Assessment of Attitudes Toward Initiation of Immediate Adjuvant Chemotherapy for Colon Cancer

Published:November 28, 2022DOI:



      Early initiation of chemotherapy after surgery for colon cancer has survival benefits. Immediate adjuvant chemotherapy (IAC) involves giving chemotherapy during surgical resection and immediately postoperatively. This novel approach has been shown to be safe, eliminating delays in adjuvant treatment that could increase the risk of micro-metastatic spread. The aim of this study was to assess the willingness of the general public to accept IAC.

      Materials and methods

      Between March and April 2021, 800 telephone interviews were conducted with a sample of adult New York State residents. The Survey Research Institute of Cornell University conducted all surveys. Kruskal–Wallis, chi-squared, and Fisher’s tests were conducted using R 4.0.2.


      Three scenarios were presented: (1) receiving IAC resulting in improved survival and quality of life, (2) finishing chemotherapy earlier without survival impact, and (3) finishing chemotherapy earlier but with possible side effects. Respondents with higher education were more likely to accept (1) & (2), males were more likely to accept (2) & (3), higher income respondents were more likely to accept (1) & (3), and those with more work hours were more likely to accept (2). Lastly, 16% responded they would be very or extremely likely, and 52% respondents would be somewhat likely or likely to accept intraoperative chemotherapy, even if it may not be necessary.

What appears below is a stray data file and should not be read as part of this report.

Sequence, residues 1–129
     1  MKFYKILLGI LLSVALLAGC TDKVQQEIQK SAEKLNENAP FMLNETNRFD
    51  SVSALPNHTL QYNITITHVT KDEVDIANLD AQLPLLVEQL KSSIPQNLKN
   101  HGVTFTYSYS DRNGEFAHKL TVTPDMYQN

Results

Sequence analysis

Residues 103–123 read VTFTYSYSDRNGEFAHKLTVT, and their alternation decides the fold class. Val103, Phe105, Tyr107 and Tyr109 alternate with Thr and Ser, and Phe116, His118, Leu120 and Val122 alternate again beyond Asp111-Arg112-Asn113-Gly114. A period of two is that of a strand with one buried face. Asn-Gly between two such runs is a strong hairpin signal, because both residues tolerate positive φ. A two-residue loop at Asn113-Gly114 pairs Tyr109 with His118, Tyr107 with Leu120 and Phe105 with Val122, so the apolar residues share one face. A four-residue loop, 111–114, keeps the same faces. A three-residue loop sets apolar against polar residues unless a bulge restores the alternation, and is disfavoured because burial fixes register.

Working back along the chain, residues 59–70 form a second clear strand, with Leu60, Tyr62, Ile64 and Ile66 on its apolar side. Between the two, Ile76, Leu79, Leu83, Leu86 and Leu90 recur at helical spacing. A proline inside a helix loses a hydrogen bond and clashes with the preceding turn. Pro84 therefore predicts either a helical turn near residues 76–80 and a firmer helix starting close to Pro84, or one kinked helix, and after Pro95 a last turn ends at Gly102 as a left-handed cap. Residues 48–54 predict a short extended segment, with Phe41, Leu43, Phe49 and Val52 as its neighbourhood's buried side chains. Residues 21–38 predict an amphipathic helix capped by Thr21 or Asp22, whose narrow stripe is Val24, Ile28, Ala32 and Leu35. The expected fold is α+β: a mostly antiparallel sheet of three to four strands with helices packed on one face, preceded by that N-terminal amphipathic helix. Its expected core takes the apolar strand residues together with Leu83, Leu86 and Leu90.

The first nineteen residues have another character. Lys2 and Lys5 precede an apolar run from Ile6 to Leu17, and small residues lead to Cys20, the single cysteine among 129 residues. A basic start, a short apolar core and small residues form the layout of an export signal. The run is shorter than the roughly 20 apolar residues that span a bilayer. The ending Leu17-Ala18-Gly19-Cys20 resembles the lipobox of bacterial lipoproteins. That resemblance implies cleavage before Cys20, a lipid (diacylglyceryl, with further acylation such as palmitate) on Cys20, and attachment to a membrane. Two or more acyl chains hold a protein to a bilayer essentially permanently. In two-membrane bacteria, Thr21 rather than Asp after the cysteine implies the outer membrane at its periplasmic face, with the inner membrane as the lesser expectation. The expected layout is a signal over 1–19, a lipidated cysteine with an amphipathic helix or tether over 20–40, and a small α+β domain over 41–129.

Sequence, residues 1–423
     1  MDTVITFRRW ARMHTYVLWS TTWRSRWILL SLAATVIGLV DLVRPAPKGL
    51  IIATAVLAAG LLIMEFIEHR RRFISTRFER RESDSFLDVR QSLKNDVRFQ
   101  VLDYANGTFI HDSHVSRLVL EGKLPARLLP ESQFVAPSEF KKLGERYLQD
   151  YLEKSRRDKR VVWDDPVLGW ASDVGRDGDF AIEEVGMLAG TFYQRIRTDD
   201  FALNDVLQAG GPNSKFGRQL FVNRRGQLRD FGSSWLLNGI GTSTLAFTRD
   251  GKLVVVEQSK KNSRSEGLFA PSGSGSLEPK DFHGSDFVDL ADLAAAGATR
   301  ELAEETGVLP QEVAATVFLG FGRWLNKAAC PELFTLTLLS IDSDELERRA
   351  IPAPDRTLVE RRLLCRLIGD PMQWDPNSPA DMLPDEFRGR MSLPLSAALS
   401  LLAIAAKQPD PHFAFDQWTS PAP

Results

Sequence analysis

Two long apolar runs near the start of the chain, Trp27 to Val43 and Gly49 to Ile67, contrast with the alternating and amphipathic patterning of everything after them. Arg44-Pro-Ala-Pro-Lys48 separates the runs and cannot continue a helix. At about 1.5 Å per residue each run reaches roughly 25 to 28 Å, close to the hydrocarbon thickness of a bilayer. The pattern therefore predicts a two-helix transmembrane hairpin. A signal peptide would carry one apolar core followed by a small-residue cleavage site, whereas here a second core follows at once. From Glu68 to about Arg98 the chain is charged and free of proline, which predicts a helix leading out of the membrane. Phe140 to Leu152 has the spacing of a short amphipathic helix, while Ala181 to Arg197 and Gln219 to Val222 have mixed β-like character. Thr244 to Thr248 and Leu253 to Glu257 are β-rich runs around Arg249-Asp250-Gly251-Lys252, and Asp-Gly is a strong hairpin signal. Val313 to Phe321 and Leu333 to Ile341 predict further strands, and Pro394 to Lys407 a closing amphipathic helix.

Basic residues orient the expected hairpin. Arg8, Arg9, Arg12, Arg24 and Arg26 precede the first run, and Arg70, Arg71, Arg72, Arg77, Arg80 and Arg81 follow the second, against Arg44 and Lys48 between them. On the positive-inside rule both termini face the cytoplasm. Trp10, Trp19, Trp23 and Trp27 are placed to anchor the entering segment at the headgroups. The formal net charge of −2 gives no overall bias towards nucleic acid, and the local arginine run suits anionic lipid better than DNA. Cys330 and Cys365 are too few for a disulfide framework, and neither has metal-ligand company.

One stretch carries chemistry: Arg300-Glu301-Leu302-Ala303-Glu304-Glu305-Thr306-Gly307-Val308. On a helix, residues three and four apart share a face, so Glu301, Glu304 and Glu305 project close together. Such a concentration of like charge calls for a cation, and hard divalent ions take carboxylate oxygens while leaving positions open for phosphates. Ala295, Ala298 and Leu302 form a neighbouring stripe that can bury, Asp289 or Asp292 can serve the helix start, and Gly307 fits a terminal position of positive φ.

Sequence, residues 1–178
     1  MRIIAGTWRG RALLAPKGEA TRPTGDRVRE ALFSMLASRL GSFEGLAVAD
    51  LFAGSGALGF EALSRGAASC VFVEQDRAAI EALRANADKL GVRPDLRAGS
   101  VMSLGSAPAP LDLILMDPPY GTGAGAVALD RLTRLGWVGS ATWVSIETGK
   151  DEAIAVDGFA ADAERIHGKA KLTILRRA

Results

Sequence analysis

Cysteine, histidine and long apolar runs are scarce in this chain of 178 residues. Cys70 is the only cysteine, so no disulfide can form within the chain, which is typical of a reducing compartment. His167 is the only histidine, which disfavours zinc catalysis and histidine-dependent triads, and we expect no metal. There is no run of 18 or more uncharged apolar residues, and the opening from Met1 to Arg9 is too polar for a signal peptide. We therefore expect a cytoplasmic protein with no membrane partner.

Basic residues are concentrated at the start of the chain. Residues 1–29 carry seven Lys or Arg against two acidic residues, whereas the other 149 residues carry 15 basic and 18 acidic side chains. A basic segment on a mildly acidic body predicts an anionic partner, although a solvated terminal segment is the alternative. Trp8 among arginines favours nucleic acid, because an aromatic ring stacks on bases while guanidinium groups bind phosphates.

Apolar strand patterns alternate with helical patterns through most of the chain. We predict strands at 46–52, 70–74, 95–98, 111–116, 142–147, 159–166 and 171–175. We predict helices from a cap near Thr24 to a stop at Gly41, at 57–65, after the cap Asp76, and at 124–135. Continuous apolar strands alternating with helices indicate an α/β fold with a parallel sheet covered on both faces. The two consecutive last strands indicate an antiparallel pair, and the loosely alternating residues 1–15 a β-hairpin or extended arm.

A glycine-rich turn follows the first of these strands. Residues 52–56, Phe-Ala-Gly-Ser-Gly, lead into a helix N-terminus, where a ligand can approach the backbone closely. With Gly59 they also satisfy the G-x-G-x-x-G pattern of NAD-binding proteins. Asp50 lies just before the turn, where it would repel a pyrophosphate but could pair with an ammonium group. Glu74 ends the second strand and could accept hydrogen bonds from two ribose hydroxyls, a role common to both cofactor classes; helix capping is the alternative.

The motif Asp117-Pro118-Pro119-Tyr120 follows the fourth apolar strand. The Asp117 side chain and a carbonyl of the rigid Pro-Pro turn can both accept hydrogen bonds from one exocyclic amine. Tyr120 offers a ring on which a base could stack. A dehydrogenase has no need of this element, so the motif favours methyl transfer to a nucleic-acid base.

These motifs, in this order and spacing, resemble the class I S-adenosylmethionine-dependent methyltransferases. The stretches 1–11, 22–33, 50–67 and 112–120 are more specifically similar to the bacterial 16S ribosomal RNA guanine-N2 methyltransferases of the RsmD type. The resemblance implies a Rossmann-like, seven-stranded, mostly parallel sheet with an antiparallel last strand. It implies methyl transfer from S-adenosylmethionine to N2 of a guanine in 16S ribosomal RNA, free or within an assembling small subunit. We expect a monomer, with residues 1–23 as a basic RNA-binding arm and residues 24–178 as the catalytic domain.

Respondents were likely to accept IAC if offered. Given the known risk of delayed adjuvant chemotherapy (AC) in colon cancer, further research is warranted to determine the survival and quality of life (QOL) benefits of IAC.


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